At the recent Alchemical Landscape conference in Cambridge, there was some interesting analysis of the portrayal of landscape in the opening sequence of Alan Clarke’s Play For Today episode, Penda’s Fen (1974). The point in the analysis was to show the subversive nature of the opening in regards to its melding of two potentially differing realities of English landscape; on the one hand, the typical pastoral … Continue reading Wire and Grass: Landscape Binaries in Television and Reality.
The sculptor Henry Moore saw a stark link between the rock that was both his material and inspiration, and the grazing calmness of sheep. The animals stand out in the landscape in the same, oblique way, providing an aesthetic of both fitting in and being anomalous; they litter the vista in a way that is puzzling and warmly mysterious. Roger Deakin saw this relationship himself … Continue reading Responses: Henry Moore’s Sheep Sketchbook (1980).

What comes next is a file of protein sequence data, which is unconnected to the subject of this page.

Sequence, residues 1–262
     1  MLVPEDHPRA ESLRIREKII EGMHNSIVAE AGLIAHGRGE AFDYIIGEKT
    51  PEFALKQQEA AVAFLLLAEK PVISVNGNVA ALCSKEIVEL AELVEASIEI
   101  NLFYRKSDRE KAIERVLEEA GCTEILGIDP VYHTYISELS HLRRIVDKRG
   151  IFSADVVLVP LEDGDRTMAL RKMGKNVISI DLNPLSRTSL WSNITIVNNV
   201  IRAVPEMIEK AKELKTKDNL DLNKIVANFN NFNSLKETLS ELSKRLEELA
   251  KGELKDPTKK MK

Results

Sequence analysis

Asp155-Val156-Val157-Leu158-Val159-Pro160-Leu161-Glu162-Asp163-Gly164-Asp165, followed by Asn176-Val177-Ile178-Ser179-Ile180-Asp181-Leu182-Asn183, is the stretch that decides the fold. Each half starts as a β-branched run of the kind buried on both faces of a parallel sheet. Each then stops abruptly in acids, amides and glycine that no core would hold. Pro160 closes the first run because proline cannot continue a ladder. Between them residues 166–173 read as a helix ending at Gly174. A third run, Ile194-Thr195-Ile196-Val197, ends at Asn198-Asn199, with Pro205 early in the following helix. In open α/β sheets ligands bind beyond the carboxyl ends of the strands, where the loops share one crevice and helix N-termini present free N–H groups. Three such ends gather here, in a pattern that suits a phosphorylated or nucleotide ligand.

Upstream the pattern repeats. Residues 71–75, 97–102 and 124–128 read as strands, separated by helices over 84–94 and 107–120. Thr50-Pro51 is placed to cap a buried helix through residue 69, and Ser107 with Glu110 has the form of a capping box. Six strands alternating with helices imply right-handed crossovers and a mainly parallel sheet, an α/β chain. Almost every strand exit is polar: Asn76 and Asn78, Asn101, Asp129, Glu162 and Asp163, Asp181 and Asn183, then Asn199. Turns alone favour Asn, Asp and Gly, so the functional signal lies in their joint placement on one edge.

Nature is always present or at the very least contrasted against something in Gideon Koppel’s nostalgia portrait, Sleep Furiously (2008). In spite of the film being a very clear ethnographic postcard from the director’s past, having lived previously in the Welsh town of Trefeurig, it manages to underline its gentle portraiture with a sense of pervading nature and landscape; where even the most concrete of … Continue reading Emerson’s Nature and Sleep Furiously (2008) – Gideon Koppel.
I thought it would be last my time – The sense that, beyond the town, There would always be fields and farms, Where the village louts could climb Such trees as were not cut down; I knew there’d be false alarms – Going, Going, stanza 1 – Philip Larkin. Above is the opening stanza of Philip Larkin’s 1972 poem, Going, Going. The poem captures the … Continue reading Demise Of The Rural in Requiem For A Village (1976) And “Going, Going” (Philip Larkin).